The first data release is an encouraging first step along the road to Kepler’s ultimate goals, specifically, to determine the frequency of Earth-size planets in and near the habitable zone. However, these are candidates, not systems that have been verified sufficiently to be considered as planets. The distribution of planet sizes may also change. It will take more years of hard work to get to our goal, but we can do it.

The TED Global conference is about ideas worth spreading to a general audience. In my TED talk I decided to discuss the idea that science seems to be at the threshold of a new revolution – of synthetic biology. Ironically, this is happening at the completion of the previous, Copernican, revolution. My point was that the two events are related, and that, tantalizingly, progress in synthetic biology may be accelerated by input from planetary science. This is the core of the project I lead and we call the Origins of Life Initiative (not associated with the Kepler Mission).

The Origins of Life Initiative makes connections between geochemistry and biochemistry. The Kepler mission helps our project by establishing feasibility: if solid planets are common, then we have a shot at trying our lab experiments. This works as long as the planets have geochemical cycles that determine their atmospheric signatures.  Hence, planets somewhat larger than Earth are more favorable (Sasselov & Valencia, Sci. American, Aug 2010). The Drake equation gives us an estimate of about 100 million such planets with habitable potential in the Milky Way galaxy. Kepler has not yet weighed in on this yet, but holds the potential to do so in the future.

Related links:

TEDGlobal Lecture
Dimitar Sasselov
: “On Completing the Copernican Revolution

Characteristics of Kepler Planetary Candidates Based on the First Data Set: The Majority are Found to be Neptune-Size and Smaller
Borucki, W. and the Kepler Team, submitted to Astrophysical Journal

Claims of 100 Earth-Like Planets Not True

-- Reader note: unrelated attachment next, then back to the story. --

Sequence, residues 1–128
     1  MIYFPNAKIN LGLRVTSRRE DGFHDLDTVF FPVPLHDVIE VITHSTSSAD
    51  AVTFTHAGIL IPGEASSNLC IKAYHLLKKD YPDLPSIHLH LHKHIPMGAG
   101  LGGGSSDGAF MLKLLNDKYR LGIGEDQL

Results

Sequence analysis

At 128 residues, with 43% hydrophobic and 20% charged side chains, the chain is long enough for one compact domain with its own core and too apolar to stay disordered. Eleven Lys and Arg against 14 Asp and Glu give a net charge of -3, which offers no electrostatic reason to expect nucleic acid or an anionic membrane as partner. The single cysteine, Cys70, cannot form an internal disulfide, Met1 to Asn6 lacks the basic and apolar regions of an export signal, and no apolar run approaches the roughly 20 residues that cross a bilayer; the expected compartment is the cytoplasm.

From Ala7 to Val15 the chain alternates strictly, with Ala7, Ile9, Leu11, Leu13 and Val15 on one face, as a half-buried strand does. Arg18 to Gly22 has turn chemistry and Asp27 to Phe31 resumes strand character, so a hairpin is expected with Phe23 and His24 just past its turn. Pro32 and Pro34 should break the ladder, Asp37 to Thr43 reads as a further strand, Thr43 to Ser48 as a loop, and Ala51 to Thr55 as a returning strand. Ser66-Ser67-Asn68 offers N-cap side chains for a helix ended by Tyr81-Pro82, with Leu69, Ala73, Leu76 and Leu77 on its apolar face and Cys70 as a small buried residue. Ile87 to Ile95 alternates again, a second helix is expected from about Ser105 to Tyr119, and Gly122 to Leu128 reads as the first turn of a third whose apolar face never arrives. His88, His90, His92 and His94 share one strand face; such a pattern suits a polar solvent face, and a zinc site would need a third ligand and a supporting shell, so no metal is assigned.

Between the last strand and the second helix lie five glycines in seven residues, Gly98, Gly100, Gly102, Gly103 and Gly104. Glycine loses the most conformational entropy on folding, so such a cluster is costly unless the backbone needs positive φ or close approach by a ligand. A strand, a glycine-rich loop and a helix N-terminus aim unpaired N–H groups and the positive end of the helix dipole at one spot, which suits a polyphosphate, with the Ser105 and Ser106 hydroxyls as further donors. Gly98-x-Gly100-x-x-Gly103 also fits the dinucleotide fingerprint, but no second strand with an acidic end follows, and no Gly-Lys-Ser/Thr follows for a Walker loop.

by Clara Moskowitz @

Cosmic Log on
Millions of Earths? Talk causes a stir
by Alan Boyle 

11 thoughts on “Planets large and small: the Kepler planetary candidates in my TED Talk”

  1. Oh, you used the Drake Equation for that one hundred million figure?

    And here I thought that was based on your data. At least, it was strongly implied in the speech that it was based on data. That got a lot of people excited, you know.

    Isn’t the whole point of the Drake Equation to illustrate that we can’t make such estimates because of all the missing data?

    If you actually use it, you’re just converting your biases into a number with false legitimacy.

    Did you just take the number of stars in the galaxy and divide it by a thousand?

  2. hi my name i’m Daniel graduate student of Physics in Brazil,I’d like ask a question i’ll be gladly if could answer me,could be by my email if you wish,please

    my question is: what about the 3000 red dwarf stars(M0-M2)kepler field? in 43 data,did kepler found any earth-size planet candidate in the red dwarf habitable zone?

    thank you

  3. It is ironic that NASA holds on to its most promising Kepler Mission data based on the argument that its release might result in confusion in the media and misinterpretation of the results. Yet that seems to be exactly what NASA now has. Since this is already the case, I suggest all the data be released now.

  4. Joe Cooper, there is no way Kepler could have found 100 million planets or even planet candidates by itself. The field of view is modest-sized and fixed on the sky, and there just aren’t that many stars in it. The number 100M had to have come from extrapolation of Kepler statistics.